Optoelectronic Conjugated Materials

Azulene derivatives show a redshift and broader absorption spectra compared to naphthalene derivatives. Naphthalene derivatives demonstrate higher photovoltaic efficiency compared to azulene derivatives[9]. Current research has shown that extending the conjugated structure by substituting aromatic groups for the seven-membered ring can greatly influence the optical and electrochemical properties of the azulene cation[10]. This reversible chromatic property can be applied to cathode modification layers in bulk-heterojunction solar cells, as well as in electrochromic and nonlinear optical materials.

Research has shown that thin films of red-absorbing photovoltaic materials obtained through oxidative polymerization of guaiazulene and ferric chloride exhibit higher absorption cross-sections and can display brighter green colors compared to films prepared by traditional solution methods[1]. Due to the unique resonance structure of azulene, especially its derivatives such as 16a-f, 17a-i, 18a-h, and 19a-h, they are considered promising building blocks for organic optoelectronic materials[11]. The method of synthesizing azulene derivatives by constructing the azulene skeleton with appropriate substituents at desired positions is considered a way to address the high cost associated with directly modifying azulene to produce derivatives.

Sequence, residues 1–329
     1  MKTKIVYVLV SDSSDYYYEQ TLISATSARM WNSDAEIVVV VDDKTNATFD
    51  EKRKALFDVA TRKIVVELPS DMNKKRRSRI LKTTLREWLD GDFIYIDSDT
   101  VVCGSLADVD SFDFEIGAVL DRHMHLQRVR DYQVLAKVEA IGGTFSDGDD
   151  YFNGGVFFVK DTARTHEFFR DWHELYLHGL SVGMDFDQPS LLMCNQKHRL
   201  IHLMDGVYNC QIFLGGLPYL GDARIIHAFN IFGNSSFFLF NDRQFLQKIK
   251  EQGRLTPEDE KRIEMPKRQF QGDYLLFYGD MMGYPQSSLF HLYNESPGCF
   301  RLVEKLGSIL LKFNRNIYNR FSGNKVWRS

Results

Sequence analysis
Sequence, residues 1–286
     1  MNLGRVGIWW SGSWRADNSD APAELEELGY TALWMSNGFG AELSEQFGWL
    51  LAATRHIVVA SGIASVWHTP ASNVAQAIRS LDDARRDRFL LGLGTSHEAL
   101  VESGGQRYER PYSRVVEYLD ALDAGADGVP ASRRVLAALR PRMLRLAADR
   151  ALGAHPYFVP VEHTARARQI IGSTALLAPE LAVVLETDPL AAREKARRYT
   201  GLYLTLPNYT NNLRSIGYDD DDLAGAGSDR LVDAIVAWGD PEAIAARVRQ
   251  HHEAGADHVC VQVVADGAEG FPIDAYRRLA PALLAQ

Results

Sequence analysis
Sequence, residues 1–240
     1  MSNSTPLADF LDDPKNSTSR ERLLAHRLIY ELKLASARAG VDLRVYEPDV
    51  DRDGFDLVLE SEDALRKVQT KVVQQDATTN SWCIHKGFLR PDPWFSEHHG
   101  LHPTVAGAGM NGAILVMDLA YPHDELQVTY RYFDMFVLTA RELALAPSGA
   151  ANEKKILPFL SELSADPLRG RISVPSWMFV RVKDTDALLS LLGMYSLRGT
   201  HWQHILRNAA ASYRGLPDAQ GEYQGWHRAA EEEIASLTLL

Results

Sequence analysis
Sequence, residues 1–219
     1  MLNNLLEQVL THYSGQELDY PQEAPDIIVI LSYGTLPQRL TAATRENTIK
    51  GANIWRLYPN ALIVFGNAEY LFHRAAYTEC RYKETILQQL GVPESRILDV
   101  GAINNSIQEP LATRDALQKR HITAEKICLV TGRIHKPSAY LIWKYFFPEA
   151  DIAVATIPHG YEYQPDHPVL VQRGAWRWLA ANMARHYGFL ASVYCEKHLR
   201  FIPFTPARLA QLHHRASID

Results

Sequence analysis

1. David Bilger al., Guaiazulene revisited: a new material for green-processed optoelectronics, Polymer Chemisitry, 2020
  2. Lei Wang al., Photomutagenicity of cosmetic ingredient chemicals azulene and guaiazulene, Mutation Research/Fundamental and Molecular Mechanisms of Mutagenesis, 2003
  3. K.P. Zeller, Azulene, Methoden der Organischen Chemie, vol. 5, fourth ed., Houben-Weyl, p. 127.
  4. Alexander St. Pfau al., Zur Kenntnis der fluehtigen Pflanzenstoffe. IV Uber die Konstitution der Azulene.
  5. N. Tetreault al., Control of the photophysical properties of polyatomic molecules by substitution and solvation: the second excited singlet state of azulene, The Journal of Physical Chemistry A, 1999
  6. Hsiu-Mei Chiang al., Photoirradiation of azulene and guaiazulene—Formation of reactive oxygen species and induction of lipid peroxidation, Journal of Photochemistry and Photobiology A: Chemistry, 2010
  7. Maxwell Gordon, The Azulenes, Chemical Reviews, 1951, P128
  8. Kiyotaka Maruoka al., Design of guaiazulene derivatives-conjugated podophyllotoxin nano-prodrug toward anticancer drug delivery, Molecular Crystals and Liquid Crystals ,2022
  9. Lin Yang al., Marked effects of azulenyl vs. naphthyl groups on donor-π-acceptor-π-donor small molecules for organic photovoltaic cells, Dyes and Pigments, 2021
  10. E. G. Zadeh al., Chromophoric materials derived from a natural azulene: syntheses, halochromism and one-photon and two-photon microlithography, Journal of Materials Chemistry C, 2015
  11. XIN HANSHEN., Application of Azulene in Constructing Organic Optoelectronic Materials: New Tricks for an Old Dog, Special Issue:Novel Aromatics: From Synthesis to Applications, 2017